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BERLIOZ: Benvenuto Cellini

DVD Button Sicilia, Losier; Osborn, Spence, Beekman, Naouri, Morsch, Muraro, Anastassov, Conner; Rotterdam Philharmonic Orchestra, Chorus of Dutch National Opera, Elder. Production: Gilliam. Naxos 2.110575-76 (2), 180 mins., subtitles

A Grounded Circus

Terry Gilliam’s production of Berlioz’s semiseria is energetic to a fault.

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Imperfect forgery: ensemble in Amsterdam
© Clärchen & Matthias Baus
 
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THIS RIOTOUS, exceedingly busy staging of Benvenuto Cellini by Terry Gilliam, the film director and Monty Python alum, must have been great fun for audiences in the theater, but on the small screen it’s exhausting. The production of Berlioz’s opera, very loosely based on the memoirs of the title’s sixteenth-century goldsmith and sculptor, was recorded in Amsterdam in 2015, the year after its London debut, and much of the blocking is amusing—for example, the pie thrown by Benvenuto Cellini that’s meant for his professional and romantic rival, Fieramosca, but hits his ladylove’s father, Balducci, instead. Or any of the detailed business involving Balducci’s six servants, who are hilariously played, in severe black dresses and large bonnets, by men in drag. But Gilliam is also too often unwilling just to let the principals sing and act without creating distractions all around them. 

The Roman Carnival scene features endless antics by acrobats, jugglers, contortionists, stilt-walkers and mimes. Its final minutes, in keeping with the frantic music, evolve into an enormous fracas. Later in the opera, Pope Clement VII is brought in, standing atop a wheeled staircase, looking like a refugee from Turandot. (He even boasts the long fingernails of Puccini’s “ice princess.”) Given Gilliam’s association with Monty Python, as an animator and sometime actor, of course the production includes at least one “silly walk”—by the Pope’s soldiers, at their exit in the first scene of Act II.

The stage business usually suits the characters, but Gilliam twice stumbles with gratuitous bits of staging: Cellini’s apprentice Ascanio makes a pass at Teresa when the two are alone in Act II, and the Pope faints when the Perseus statue is finally revealed. The gray unit set isn’t especially attractive, and it’s more appropriate for Cellini’s studio than for Balducci’s home. (The foundry, where the statue is cast, is massive in scale and adds much to the impact of the final scene.) The costumes are 1890s-ish but also often outrageous, for no apparent reason. Why, for example, should Cellini’s journeyman Francesco sport a ridiculous upswept hairdo? And why do Fieramosca and Ascanio appear so debonair when Cellini looks as if he just got out of bed?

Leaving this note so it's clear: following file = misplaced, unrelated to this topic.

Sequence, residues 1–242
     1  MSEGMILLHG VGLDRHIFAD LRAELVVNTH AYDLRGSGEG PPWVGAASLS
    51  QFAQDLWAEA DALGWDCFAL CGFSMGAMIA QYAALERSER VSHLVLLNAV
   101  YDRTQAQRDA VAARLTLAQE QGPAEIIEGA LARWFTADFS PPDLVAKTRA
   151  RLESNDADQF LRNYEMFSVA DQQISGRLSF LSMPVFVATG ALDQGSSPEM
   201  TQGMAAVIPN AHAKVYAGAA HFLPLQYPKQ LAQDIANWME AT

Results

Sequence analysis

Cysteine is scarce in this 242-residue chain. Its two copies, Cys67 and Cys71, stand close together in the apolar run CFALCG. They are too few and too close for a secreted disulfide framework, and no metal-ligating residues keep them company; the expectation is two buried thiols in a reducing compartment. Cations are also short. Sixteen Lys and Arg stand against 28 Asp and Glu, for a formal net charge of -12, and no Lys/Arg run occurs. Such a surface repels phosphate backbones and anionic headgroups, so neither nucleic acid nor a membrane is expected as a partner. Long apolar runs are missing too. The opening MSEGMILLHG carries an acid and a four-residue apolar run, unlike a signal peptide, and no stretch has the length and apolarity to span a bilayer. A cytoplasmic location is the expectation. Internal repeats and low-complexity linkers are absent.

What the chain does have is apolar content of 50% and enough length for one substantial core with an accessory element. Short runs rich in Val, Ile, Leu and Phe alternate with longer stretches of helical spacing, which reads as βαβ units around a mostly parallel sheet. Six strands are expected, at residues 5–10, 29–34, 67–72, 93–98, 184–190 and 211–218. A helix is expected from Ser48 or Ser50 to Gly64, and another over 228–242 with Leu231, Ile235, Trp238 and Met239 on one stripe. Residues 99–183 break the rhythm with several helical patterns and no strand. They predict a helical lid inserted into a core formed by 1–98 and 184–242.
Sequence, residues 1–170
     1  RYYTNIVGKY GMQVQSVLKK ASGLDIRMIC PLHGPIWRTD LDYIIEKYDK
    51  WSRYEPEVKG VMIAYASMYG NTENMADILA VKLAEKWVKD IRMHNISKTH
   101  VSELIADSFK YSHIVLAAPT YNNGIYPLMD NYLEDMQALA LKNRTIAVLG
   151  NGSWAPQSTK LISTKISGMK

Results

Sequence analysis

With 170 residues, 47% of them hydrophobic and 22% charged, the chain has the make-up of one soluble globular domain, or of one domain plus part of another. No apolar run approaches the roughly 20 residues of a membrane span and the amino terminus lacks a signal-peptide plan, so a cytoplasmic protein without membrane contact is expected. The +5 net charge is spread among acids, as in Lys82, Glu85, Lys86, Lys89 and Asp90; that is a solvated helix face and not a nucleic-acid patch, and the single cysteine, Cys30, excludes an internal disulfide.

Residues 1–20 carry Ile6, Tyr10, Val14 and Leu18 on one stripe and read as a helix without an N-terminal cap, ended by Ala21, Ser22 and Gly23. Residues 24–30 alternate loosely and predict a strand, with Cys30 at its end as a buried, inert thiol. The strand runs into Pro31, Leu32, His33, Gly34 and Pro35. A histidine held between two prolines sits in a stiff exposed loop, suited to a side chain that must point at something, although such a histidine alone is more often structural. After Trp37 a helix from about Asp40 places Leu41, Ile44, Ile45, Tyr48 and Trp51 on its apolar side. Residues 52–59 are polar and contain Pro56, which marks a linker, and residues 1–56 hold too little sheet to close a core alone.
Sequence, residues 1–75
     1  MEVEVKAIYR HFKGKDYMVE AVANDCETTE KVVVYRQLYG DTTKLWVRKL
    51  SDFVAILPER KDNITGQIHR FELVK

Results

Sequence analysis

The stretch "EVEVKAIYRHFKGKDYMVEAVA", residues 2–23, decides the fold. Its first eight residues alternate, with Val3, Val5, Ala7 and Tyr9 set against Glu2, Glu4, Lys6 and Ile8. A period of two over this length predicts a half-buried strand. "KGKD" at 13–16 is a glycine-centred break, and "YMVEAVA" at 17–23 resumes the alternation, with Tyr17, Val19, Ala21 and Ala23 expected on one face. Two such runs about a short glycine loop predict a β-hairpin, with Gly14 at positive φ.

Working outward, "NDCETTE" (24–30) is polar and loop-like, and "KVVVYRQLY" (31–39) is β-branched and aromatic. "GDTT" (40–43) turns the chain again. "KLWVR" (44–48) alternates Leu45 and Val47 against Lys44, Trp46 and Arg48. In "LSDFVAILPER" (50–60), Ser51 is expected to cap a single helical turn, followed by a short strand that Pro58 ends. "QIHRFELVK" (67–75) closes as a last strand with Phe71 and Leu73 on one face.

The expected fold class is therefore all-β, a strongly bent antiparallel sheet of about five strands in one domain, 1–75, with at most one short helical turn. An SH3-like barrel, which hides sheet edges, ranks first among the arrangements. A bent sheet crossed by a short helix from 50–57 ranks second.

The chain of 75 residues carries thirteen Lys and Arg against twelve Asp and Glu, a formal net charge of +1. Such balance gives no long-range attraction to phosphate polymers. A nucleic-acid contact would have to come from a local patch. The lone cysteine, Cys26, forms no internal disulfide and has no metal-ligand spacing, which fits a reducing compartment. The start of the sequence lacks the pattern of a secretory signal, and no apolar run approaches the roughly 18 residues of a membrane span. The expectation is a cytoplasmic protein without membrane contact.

The performance’s anchors, as they must be in any Cellini production, are the conductor and protagonist. Mark Elder elicits superb verve and technical accomplishment from the always-exceptional Rotterdam Philharmonic. His command of the challenging work is matched onstage by John Osborn, whose Cellini combines elegant style with magnificent prowess (including some exquisite voix mixte). Despite his singularly un-dashing costume, Osborn’s characterization amasses sympathy, charisma and intensity. 

Mezzo Michèle Losier (Ascanio), though merely adequate in voice, plays a young man with astonishing believability. Bass-baritone Laurent Naouri (Fieramosca) sings admirably while playing his bumbling character with fabulously precise stage movement. Suitably robust of voice and person, Maurizio Muraro, as Balducci, is a complete success. As his youthful daughter Teresa, Mariangela Sicilia lacks the role’s ideal expansiveness and radiant tone, but she’s an eager, ebullient actress. Orlin Anastassov’s tubby singing and cardboard acting as the Pope are disappointing. The male chorus has a whale of a time, the tenors bursting forth with enviable confidence. —Roger Pines 



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